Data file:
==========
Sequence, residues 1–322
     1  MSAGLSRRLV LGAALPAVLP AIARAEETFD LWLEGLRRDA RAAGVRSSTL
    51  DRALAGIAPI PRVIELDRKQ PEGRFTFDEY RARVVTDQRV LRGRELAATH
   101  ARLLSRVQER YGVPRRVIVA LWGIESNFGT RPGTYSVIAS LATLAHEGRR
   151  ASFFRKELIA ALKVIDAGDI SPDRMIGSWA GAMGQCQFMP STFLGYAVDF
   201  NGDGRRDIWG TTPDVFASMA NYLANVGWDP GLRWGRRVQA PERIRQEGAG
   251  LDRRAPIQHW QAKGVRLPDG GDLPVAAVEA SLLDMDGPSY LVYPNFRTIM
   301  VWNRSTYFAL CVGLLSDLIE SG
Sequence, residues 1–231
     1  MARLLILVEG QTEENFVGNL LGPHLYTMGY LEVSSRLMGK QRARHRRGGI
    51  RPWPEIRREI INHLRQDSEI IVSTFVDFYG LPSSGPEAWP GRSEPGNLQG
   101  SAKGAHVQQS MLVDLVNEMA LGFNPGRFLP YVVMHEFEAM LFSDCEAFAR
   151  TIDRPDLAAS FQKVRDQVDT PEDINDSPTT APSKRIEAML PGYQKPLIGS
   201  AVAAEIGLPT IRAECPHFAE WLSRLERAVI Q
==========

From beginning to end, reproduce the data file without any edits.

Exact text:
Sequence, residues 1–322
     1  MSAGLSRRLV LGAALPAVLP AIARAEETFD LWLEGLRRDA RAAGVRSSTL
    51  DRALAGIAPI PRVIELDRKQ PEGRFTFDEY RARVVTDQRV LRGRELAATH
   101  ARLLSRVQER YGVPRRVIVA LWGIESNFGT RPGTYSVIAS LATLAHEGRR
   151  ASFFRKELIA ALKVIDAGDI SPDRMIGSWA GAMGQCQFMP STFLGYAVDF
   201  NGDGRRDIWG TTPDVFASMA NYLANVGWDP GLRWGRRVQA PERIRQEGAG
   251  LDRRAPIQHW QAKGVRLPDG GDLPVAAVEA SLLDMDGPSY LVYPNFRTIM
   301  VWNRSTYFAL CVGLLSDLIE SG
Sequence, residues 1–231
     1  MARLLILVEG QTEENFVGNL LGPHLYTMGY LEVSSRLMGK QRARHRRGGI
    51  RPWPEIRREI INHLRQDSEI IVSTFVDFYG LPSSGPEAWP GRSEPGNLQG
   101  SAKGAHVQQS MLVDLVNEMA LGFNPGRFLP YVVMHEFEAM LFSDCEAFAR
   151  TIDRPDLAAS FQKVRDQVDT PEDINDSPTT APSKRIEAML PGYQKPLIGS
   201  AVAAEIGLPT IRAECPHFAE WLSRLERAVI Q